c. Trust your instincts: John Buford used a combination of facts and imagination that created his plan for battle. Too often in today's business environment, we rely only on the spreadsheets and financial reports to make our decisions. Use your intuition and imagination to create scenarios for success.

d. Don't over think the action: "The best laid plans...." Buford did not have a commanding general nearby who he could consult, but instead had to decide on the fly what actions he would take that day. Once he knew what he had to do, figuring out the logistics was easy. Success in more important than getting everything right.

For the most part, none of us will be making the kinds of decisions that John Buford had to make on the evening of the first day of the greatest battle in American history. We can however, use the leadership skills of visioning to create a winning plan for each day.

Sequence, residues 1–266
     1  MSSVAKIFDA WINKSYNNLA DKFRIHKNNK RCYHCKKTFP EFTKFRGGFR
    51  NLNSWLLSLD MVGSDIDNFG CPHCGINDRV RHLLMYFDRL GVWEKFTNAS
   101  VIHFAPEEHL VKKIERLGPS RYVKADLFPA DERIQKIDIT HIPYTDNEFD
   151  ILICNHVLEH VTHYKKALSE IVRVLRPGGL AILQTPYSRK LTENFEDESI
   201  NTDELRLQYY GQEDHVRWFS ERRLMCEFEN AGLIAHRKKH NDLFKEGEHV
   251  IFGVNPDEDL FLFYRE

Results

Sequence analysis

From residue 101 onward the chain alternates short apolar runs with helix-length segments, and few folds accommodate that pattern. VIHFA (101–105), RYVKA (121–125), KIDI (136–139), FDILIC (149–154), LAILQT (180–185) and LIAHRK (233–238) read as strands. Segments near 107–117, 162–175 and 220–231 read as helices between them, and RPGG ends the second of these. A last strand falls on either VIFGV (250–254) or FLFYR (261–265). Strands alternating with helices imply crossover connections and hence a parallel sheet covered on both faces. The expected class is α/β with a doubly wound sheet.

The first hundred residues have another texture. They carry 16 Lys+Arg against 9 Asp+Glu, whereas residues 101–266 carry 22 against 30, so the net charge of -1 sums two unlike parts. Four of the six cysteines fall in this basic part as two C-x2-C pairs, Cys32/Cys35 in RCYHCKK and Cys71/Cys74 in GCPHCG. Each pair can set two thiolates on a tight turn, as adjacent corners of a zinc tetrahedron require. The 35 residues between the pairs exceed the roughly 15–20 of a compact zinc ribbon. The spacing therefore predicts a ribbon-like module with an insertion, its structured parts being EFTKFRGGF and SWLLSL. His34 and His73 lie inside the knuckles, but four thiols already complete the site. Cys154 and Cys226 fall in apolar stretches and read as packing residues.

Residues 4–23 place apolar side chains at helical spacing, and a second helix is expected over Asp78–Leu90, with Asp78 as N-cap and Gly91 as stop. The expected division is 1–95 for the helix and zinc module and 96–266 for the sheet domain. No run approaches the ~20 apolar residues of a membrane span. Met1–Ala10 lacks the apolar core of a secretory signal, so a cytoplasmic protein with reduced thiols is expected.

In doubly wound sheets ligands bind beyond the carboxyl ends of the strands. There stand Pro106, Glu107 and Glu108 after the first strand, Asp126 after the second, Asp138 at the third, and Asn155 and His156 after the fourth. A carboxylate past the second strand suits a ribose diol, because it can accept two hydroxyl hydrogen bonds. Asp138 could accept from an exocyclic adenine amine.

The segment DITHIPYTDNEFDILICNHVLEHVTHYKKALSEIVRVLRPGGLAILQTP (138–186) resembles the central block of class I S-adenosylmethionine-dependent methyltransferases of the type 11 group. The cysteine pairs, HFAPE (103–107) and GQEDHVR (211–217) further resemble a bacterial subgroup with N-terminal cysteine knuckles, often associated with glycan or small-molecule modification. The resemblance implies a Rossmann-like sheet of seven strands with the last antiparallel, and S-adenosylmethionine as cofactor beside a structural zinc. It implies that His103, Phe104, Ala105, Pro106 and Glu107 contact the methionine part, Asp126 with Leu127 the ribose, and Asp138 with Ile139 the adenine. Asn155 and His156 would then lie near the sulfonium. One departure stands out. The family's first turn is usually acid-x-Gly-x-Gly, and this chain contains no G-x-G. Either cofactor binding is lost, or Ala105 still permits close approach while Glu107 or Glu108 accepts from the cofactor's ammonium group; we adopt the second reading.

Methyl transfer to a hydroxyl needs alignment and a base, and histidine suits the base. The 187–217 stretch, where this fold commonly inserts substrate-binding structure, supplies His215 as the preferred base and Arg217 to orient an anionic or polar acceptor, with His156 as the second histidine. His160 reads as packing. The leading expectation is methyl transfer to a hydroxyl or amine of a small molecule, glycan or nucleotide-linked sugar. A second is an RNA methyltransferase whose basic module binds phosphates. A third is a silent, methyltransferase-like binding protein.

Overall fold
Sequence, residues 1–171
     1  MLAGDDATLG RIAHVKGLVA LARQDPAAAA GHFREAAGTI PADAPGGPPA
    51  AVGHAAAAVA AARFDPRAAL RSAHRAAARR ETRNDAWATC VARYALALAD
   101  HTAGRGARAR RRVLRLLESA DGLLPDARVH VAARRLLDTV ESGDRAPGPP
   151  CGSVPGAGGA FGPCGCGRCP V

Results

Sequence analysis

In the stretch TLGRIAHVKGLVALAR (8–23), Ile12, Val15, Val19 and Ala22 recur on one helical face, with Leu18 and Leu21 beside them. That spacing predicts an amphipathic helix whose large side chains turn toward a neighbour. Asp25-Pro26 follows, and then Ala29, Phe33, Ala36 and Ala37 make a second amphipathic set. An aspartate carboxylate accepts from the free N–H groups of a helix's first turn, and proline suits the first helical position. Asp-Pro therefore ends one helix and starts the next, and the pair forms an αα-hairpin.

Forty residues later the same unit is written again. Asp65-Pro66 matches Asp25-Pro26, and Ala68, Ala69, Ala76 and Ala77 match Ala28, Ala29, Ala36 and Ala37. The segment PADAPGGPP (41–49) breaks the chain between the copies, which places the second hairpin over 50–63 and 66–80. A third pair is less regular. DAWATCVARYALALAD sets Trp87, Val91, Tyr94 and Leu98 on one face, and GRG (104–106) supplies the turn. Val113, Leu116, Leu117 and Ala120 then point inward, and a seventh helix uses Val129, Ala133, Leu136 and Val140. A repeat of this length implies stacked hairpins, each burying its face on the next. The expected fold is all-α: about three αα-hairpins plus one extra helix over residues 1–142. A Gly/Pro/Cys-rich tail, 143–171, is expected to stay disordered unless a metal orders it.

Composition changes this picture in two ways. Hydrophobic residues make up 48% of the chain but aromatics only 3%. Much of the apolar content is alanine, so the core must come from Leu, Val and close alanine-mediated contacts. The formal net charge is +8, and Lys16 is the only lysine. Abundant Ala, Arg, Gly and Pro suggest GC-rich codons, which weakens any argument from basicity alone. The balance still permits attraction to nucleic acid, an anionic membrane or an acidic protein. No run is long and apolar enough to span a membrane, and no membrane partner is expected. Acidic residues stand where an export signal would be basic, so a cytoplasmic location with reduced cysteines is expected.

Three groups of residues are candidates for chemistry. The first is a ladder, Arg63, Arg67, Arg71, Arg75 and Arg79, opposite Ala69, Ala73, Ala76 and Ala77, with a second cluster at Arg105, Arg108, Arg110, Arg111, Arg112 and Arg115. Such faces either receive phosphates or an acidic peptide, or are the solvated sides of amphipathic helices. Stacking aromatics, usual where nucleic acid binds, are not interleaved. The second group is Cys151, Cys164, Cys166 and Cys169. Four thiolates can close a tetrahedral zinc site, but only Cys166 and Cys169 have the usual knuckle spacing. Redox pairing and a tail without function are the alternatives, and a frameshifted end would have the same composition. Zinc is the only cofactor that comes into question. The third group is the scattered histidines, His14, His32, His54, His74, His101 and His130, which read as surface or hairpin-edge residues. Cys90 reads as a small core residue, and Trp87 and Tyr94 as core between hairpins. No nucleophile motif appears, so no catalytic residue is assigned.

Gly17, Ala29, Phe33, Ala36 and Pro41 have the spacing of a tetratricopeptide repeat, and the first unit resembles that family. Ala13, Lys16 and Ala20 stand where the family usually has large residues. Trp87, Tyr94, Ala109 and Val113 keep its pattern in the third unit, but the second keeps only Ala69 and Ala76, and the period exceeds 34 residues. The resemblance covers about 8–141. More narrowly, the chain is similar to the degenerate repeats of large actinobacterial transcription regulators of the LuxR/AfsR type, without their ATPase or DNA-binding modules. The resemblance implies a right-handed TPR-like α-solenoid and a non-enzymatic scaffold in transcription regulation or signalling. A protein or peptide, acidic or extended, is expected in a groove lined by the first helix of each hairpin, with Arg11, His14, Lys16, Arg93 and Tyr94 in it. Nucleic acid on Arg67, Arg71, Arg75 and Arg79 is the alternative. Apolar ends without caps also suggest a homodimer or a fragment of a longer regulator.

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TED Talks

While Buford's leadership was decisive for winning the day, he could not have done it without his 2500 Cavalry troops. Having an army of followers in the military is a lot easier than obtaining genuine followers at work. But having followers is pretty darn important to leadership. In fact, it's essential!

So how does one obtain followers or for those of you with higher aspirations, how do you start a movement?

This intriguing video by Derek Sivers shows how a movement happens in less than 3 minutes. In the video, Derek points out that while it takes courage to start a movement, the key role is the first follower who transforms the solo leader's actions into a duet, and encourages others to join in. As the crowd grows, the action changes from following just a single leader to following one another. As the group grows, people now want to join in because they want to be a part of the in-crowd. Watch this video so you'll know how to be part of the hip and cool group.


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The Health Care Corner

With the mid-term elections over, the serious work of governing will begin in earnest next month. The key issue that will be in discussion next year will be ways to bring down the federal deficit. Among a recently identified potential approach to increase federal revenues is to remove the special tax exemption status for so called "employer paid health insurance."